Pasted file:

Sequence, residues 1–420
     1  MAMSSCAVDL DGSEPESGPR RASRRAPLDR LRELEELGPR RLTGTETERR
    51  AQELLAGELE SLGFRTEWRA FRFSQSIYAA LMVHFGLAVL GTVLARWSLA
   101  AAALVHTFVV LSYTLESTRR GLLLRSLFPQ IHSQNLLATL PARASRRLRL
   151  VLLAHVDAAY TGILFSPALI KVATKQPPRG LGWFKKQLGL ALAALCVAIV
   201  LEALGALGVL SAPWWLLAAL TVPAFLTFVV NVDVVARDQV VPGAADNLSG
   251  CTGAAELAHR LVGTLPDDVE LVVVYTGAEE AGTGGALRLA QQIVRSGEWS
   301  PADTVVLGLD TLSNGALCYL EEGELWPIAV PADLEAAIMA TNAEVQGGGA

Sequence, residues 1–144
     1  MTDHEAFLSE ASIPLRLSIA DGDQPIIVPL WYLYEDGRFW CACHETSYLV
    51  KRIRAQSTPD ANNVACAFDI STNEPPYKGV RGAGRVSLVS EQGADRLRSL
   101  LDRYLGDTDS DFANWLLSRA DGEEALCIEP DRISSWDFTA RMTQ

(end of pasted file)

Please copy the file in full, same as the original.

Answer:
Sequence, residues 1–420
     1  MAMSSCAVDL DGSEPESGPR RASRRAPLDR LRELEELGPR RLTGTETERR
    51  AQELLAGELE SLGFRTEWRA FRFSQSIYAA LMVHFGLAVL GTVLARWSLA
   101  AAALVHTFVV LSYTLESTRR GLLLRSLFPQ IHSQNLLATL PARASRRLRL
   151  VLLAHVDAAY TGILFSPALI KVATKQPPRG LGWFKKQLGL ALAALCVAIV
   201  LEALGALGVL SAPWWLLAAL TVPAFLTFVV NVDVVARDQV VPGAADNLSG
   251  CTGAAELAHR LVGTLPDDVE LVVVYTGAEE AGTGGALRLA QQIVRSGEWS
   301  PADTVVLGLD TLSNGALCYL EEGELWPIAV PADLEAAIMA TNAEVQGGGA

Sequence, residues 1–144
     1  MTDHEAFLSE ASIPLRLSIA DGDQPIIVPL WYLYEDGRFW CACHETSYLV
    51  KRIRAQSTPD ANNVACAFDI STNEPPYKGV RGAGRVSLVS EQGADRLRSL
   101  LDRYLGDTDS DFANWLLSRA DGEEALCIEP DRISSWDFTA RMTQ